Stary Dvor, the “Old Palace” was the residence of the Obranovich dynasty in Belgrade. Today it is the seat of the city government. The first building was built on this site under Habsburg rule at the end of the Turkish war on the orders of the Austrian emperor in the early 1700s. It was originally built as a military hospital in Baroque style. Behind the main building was a large park with a military cemetery at the end. After northern Serbia was again occupied by the Turks in 1739, maintenance of the building ceased and the structure of the building deteriorated. It was bought by Stoian Simic in the 1830s. The area was later taken over by Serbian rulers and several new palace buildings were built on it. The palaces inhabited the Obrenovich dynasty and then the Karadjordjevich dynasty. Between 1903 and 1914, the Karadjordjevich inhabited the Old Palace, which was renovated and rebuilt several times in the late 1800s. Although severely damaged in 1941, it was restored in its old form in a classicist style, as can be seen today.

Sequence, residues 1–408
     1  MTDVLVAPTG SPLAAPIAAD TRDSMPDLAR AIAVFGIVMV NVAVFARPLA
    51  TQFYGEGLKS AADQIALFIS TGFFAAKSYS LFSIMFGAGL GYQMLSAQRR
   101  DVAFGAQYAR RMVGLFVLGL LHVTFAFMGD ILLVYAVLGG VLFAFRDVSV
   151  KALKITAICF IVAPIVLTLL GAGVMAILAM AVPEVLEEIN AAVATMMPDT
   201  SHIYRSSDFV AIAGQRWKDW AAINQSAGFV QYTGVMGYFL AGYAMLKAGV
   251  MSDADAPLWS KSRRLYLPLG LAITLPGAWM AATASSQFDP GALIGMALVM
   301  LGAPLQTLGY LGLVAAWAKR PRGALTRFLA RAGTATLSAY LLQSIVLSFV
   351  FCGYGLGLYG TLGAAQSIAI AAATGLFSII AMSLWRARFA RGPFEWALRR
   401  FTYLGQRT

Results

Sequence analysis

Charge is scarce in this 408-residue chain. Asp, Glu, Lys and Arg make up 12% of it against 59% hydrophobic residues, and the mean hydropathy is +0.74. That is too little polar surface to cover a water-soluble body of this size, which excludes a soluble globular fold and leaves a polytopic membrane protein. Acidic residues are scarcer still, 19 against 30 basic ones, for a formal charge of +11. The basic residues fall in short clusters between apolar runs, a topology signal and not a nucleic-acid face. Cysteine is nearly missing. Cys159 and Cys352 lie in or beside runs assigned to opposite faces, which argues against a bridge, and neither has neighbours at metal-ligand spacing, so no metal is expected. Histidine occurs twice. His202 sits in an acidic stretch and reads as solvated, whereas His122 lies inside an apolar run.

Badges decorated with images of the occupied territories were also made for the forces occupying Serbia. A picture of the Vracar military hospital in Belgrade and a view of Mitrovica were already included in the posts. The beautiful little almond-shaped badge in the current post depicts the Gate Entrance of Stary Dvor. This gate stood at the end of the promenade leading to the main façade entrance of the palace. It was damaged in 1941 and was not restored, so it is no longer visible in today’s picture.